Rather than worrying about the complex labels, we recommend trying a glass of schiava nera or schiava grigia.

Lambrusco

Lambrusco grapes have been around even longer than gamay grapes. While it’s tough to put an exact date on these grapes, many believe they may have roots all the way back to 160 BC. These wines are almost always semi-sparkling, but it’s important to note that not all Lambrusco wines are created equal. As a white wine drinker, you want to focus on the Lambrusco di Sorbara, one of the high-quality varieties. Lambrusco di Sorbara is the lightest of the Lambrusco wines — appearing to have a color that may even be more pink than red.

You’ll find these wines to be light and refreshing, with sweet aromas of orange, cherries, violets and watermelon. The levels of fruit flavors in this particular wine are high. While these aromas are sweet, and the body light and refreshing, you’ll notice it is also a dry wine, with a medium level of tannins.

Zinfandel

If chardonnay is your white wine go to, then zinfandel might be your red wine match.

For the right white wine drinkers, this red wine just might do the trick. While the typical white wine has a light body, there are fuller-bodied whites, like a chardonnay. If chardonnay is your white wine go to, then zinfandel might be your red wine match. The zinfandel grape can be found in over 10 percent of all Californian vineyards. It’s a key part of the California red wine industry. This fuller-bodied red is juicy, round and low on tannins. Serve it chilled — you won’t have to worry about dulling the fruit flavors in this glass.

Merlot

Merlot is the second most popular red grape in America, and it also has a reputation for being an easy-drinking red. It’s a great introduction to red wines for white wine drinkers. Its history lies in being one of the grapes included in the prestigious Bordeaux wine blend in France in the 1700s. When it came to the United States, Americans decided it was worthy of standing alone, making wines using 100% merlot grapes.

These grapes are in the same family as the white grape variety known as sauvignon blanc. If your favorite white is a rich, California sauvignon blanc, a natural red wine fit might be a merlot. While merlot isn’t considered a low tannin red, it is often made in a low tannin style, which is part of the reason you won’t find the bitterness you usually do with a mid-high-tannin wine. The best place to start is with a domestic and affordable merlot.

Malbec

Malbec has the same history as merlot — beginning among the grapes in the Bordeaux wine blend in France. However, instead of venturing outside of France, this variety of grape is particularly susceptible to disease and rot, and so it was tough to grow and tough to keep healthy. It did eventually find a home outside of France in the wine region of Mendoza in Argentina. It stayed there, though, and malbec wine wasn’t discovered by Americans until the early 2000s.

Malbec is known for being easy to drink, and the most affordable versions of malbec — under $20 — are known for being smooth, juicy and fruity.

Those who keep up with the latest wine lists won’t get to know malbec wine there. This is wine that is known for being delicious and affordable, not for its prestige. It’s also known for being easy to drink, and the most affordable versions of malbec — under $20 — are known for being smooth, juicy and fruity. For a white wine drinker, the less time malbec has to age in oak barrels, the better.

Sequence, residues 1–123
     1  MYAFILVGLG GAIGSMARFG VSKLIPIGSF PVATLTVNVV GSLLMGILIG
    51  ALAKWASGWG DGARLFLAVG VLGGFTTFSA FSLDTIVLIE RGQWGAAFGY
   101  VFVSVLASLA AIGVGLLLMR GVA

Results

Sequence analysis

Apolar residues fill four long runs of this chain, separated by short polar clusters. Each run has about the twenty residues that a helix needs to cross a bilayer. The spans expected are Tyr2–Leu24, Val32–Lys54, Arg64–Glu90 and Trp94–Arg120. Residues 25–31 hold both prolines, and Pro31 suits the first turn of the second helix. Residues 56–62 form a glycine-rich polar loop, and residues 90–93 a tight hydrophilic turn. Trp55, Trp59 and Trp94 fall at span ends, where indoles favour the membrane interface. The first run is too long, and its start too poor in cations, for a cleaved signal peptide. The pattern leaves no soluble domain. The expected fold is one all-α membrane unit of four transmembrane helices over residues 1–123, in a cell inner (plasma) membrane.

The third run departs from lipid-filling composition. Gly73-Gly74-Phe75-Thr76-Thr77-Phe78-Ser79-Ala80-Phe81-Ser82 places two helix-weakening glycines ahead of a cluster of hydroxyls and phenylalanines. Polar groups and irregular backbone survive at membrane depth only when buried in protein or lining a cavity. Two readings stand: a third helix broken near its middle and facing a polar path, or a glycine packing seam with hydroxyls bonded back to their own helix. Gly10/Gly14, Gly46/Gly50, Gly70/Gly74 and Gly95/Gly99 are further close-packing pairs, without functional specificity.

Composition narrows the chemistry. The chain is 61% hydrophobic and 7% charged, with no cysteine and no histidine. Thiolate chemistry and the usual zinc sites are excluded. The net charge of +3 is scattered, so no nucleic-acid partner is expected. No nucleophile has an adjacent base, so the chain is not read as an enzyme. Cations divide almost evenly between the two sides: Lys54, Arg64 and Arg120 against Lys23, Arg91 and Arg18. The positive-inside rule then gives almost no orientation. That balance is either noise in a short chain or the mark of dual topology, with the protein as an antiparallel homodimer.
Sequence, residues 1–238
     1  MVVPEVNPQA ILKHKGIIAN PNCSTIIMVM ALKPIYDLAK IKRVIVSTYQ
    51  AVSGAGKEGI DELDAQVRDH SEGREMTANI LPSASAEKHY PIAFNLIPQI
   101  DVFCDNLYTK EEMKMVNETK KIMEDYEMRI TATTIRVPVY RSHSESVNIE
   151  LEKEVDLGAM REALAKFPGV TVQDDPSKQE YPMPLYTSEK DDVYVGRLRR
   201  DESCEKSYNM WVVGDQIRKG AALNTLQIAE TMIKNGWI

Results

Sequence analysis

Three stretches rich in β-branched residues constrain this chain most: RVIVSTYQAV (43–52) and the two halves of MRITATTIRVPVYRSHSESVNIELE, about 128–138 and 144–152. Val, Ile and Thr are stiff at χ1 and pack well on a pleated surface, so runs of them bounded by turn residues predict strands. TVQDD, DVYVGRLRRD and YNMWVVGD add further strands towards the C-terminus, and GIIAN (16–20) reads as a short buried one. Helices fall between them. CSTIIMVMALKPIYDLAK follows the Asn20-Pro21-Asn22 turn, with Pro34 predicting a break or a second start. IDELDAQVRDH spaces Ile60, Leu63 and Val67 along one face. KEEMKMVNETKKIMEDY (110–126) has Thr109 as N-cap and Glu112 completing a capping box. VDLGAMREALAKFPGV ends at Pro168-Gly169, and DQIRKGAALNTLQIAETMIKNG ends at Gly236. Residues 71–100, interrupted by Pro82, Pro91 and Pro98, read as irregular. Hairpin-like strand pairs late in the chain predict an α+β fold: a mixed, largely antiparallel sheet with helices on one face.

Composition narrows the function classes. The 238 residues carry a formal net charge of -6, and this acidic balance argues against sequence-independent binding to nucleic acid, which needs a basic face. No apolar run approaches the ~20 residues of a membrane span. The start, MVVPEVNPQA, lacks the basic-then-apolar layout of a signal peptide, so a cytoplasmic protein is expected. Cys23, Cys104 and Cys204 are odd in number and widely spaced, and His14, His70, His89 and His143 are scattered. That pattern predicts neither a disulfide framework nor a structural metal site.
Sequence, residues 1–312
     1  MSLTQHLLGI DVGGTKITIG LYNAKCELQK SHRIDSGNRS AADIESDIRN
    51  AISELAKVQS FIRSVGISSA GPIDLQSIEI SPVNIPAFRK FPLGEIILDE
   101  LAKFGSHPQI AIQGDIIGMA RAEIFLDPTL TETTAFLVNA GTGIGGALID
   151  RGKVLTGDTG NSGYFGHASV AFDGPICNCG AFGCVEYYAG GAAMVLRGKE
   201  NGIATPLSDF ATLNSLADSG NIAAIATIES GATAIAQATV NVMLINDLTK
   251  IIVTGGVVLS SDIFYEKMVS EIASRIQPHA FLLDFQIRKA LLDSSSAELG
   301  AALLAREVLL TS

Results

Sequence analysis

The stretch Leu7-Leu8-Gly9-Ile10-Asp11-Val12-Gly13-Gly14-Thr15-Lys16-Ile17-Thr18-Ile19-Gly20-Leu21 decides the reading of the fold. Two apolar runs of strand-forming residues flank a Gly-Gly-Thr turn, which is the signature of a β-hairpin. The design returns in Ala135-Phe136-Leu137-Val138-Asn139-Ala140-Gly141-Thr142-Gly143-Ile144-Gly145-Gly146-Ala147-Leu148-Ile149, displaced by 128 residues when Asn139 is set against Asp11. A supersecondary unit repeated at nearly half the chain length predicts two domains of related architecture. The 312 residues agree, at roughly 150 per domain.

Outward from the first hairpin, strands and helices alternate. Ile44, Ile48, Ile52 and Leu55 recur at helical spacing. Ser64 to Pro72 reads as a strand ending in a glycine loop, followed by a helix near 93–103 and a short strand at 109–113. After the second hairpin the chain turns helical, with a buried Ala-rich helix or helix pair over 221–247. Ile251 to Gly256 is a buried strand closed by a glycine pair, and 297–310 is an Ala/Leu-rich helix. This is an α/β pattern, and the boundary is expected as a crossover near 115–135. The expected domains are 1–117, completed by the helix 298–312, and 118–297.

Etna Rosso or Frappato

Both of these wines come from grapes grown on Mount Etna on the Italian island of Sicily. While pinot noir and gamay are more well known, wines from this area have become more popular in the United States. Every good wine enthusiast knows that climate and soil have an impact on the taste of wine — and Etna Rosso and frappato are both prime examples of this. Both are made from grapes grown in volcanic soil. The result is a light-bodied red, with acidity comparable to white wine. The fruitiness is present, too, but in the form of strawberry flavors.

Pour yourself a chilled glass of either of these choices as it’s most refreshing served lightly chilled.

Grenache

Grenache — or garnacha, its Spanish name — grapes are one of the most widely planted grapes in the world. You’ll find this variety of grapes in some of the most famous wines, and it’s easy to see why. This wine is known for its berry flavors — specifically strawberries and raspberries — some have even compared its taste to that of a fruit roll-up.

Grenache — or garnacha, its Spanish name — grapes are one of the most widely planted grapes in the world.

The two different names for this type of wine tell the story of its beginnings. The grape was first discovered in the northern region of Spain, known as Aragon. At that time, it was known by its Spanish name but was not yet very popular. As a result of the location, near the border of France, this variety of grape made its way to the Languedoc-Roussillon region of southern France. Here, the French called it grenache, and it became famous shortly after that.

While grenache wines can have more tannins than some of the other light reds we’ve mentioned, if you stick to an affordable version under $20, you shouldn’t have to worry about bitterness. Spanish garnacha or grenache-based blends from Roussillon in France are both great wines to get started.

Red Wines That Taste Like White

When you’re looking for a red wine that tastes like a white, there are several factors to consider. The easiest way to reveal these factors is to simply ask the question, “What is it about red wines that white wine drinkers can’t stand?” If we asked you, we’re sure your answer would be something along the lines of:

  • Red wines are too dry — or too bitter.
  • Red wines are too heavy.
  • Red wines are too alcoholic.